Rena C. argues that it was ambiguous whether one-on-one instruction was included in Colonial’s offer and that this ambiguity should have been construed against Colonial, both because Colonial was the drafter, and because Colonial was the moving party at the summary judgment stage. Rena C. is correct that any ambiguity would have been construed against Colonial had she agreed to the offer and then Colonial refused to pay. However, this is not a contract enforcement case.
Rena C. cannot inject ambiguity into a clear offer to pay private school tuition by withholding information about the particular billing conventions of the private school. Had Rena C. been unsure whether Colonial’s offer included the cost of one-on-one instruction, she could have clarified with them. Unlike Rule 68 offers of judgment, IDEA ten-day offers are not required to be non-negotiable. Ten-day offers may be clarified by parents. See Beauchamp v. Anaheim Union High Sch. Dist., 816 F.3d 1216, 1223 (9th Cir. 2016).
Additionally, Rena C.’s contention that the District Court erred in applying the summary judgment standard by not resolving the issue of whether one-on-one instruction was included in tuition in Rena C.’s favor fails. Whether “tuition” in the ten-day offer included the cost of one-on-one-instruction is a legal question regarding the construction of the offer, not a factual question that should be resolved in favor of the nonmoving party at the summary judgment stage.
2. Colonial’s offer to pay tuition at a private school placement would have created pendency at the private school and triggered the student’s “stay-put” rights at the private school.
Pendency refers to a student’s rights under the IDEA to “stay-put” in the current educational placement. The “stay-put” provision requires that “during the pendency of any proceedings conducted pursuant to this section, unless the State or local educational agency and the parents otherwise agree, the child shall remain in the then-current educational placement of the child.” 20 U.S.C. § 1415(j). This requires the school district to continue to pay for the “then-current educational placement” during the pendency of proceedings resolving placement disputes. Drinker by Drinker v. Colonial
Sch. Dist., 78 F.3d 859, 865 (3d Cir. 1996).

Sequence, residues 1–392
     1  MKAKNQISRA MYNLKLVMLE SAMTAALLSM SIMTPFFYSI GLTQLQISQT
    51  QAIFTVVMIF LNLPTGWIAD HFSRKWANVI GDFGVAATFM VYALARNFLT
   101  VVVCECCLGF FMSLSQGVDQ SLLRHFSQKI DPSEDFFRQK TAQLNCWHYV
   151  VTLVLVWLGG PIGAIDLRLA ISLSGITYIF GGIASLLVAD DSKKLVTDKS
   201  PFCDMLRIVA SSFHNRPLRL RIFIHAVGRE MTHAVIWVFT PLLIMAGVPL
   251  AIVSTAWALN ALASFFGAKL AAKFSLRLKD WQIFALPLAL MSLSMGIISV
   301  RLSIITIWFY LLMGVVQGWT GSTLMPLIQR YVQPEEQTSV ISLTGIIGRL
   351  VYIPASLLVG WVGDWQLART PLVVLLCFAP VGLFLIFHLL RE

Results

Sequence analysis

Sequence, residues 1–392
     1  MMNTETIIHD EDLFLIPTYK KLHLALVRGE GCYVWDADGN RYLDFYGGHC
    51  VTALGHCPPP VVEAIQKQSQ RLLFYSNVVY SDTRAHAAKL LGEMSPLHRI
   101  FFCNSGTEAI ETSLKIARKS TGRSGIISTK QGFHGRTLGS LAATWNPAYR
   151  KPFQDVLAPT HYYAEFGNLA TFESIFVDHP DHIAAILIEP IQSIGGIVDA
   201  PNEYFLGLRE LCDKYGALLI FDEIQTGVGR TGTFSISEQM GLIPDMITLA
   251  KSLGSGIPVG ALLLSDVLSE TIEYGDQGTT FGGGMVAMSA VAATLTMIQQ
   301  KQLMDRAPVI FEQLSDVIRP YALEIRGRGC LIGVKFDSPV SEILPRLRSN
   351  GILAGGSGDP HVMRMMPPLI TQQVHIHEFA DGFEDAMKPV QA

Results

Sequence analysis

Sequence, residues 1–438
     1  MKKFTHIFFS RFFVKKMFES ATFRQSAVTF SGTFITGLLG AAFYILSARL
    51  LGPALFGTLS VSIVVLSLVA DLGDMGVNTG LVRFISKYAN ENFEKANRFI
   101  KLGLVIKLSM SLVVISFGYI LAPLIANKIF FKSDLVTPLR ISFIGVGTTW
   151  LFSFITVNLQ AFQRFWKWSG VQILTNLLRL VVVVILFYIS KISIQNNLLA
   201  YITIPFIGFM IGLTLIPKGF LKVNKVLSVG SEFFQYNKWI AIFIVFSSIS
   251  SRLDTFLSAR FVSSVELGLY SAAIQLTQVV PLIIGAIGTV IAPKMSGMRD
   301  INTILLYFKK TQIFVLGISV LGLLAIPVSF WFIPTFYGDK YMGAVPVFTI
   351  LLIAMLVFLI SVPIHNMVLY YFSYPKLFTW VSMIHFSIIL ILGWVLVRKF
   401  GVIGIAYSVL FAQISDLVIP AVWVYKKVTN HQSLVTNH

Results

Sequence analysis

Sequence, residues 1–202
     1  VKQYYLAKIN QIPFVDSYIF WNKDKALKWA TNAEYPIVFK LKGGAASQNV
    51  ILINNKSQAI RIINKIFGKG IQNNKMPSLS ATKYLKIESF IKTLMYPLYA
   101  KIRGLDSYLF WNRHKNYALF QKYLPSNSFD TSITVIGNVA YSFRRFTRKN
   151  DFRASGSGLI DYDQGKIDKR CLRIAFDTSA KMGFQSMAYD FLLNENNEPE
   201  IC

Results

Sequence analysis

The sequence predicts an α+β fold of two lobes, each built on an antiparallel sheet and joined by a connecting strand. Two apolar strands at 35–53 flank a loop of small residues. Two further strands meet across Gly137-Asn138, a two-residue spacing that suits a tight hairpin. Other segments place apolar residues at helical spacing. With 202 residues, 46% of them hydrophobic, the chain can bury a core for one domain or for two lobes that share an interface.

The ten-day offer did not mention pendency explicitly, but the subsequent administrative order included the statement that “[b]y the parties’ agreement, pendency shall be at Delaware Valley Friends School.” App. 127. Rena C. contends that this sentence provided more favorable relief than ten-day offer. Colonial contends that although the ten-day offer letter did not specifically state that pendency would attach at Delaware Valley, pendency would have attached had Rena C. accepted their offer because Delaware Valley would have automatically become A.D.’s “then-current placement.”
This issue turns on whether Rena C.’s acceptance of the ten-day offer would have made Delaware Valley A.D.’s “then-current educational placement,” vesting her with “stay-put” rights should any dispute over placement arise in the future. This Court has held that “[b]ecause [then-current] connotes preservation of the status quo, it refers to the operative placement actually functioning at the time the dispute first arises.” Drinker, 78 F.3d at 867 (quoting Thomas v. Cincinnati Bd. of Educ., 918 F.2d 618, 625–26 (6th Cir. 1990)). Under this Court’s precedent, “the dispositive factor in deciding a child’s ‘current educational placement’ should be the Individualized Education Program (‘IEP’) actually functioning when the ‘stay put’ is invoked.” Drinker, 78 F.3d at 867 (citation omitted).
This provision “reflect[s] Congress’s conclusion that a child with a disability is best served by maintaining her educational status quo until the disagreement over her IEP is resolved.” M.R. v. Ridley School Dist. (Ridley I), 744 F.3d 112, 118 (3d Cir. 2014). A student’s “operative placement could be either a public school or a private school that the local district was financing to satisfy the requirement that
every child be given a free, appropriate education.” Id.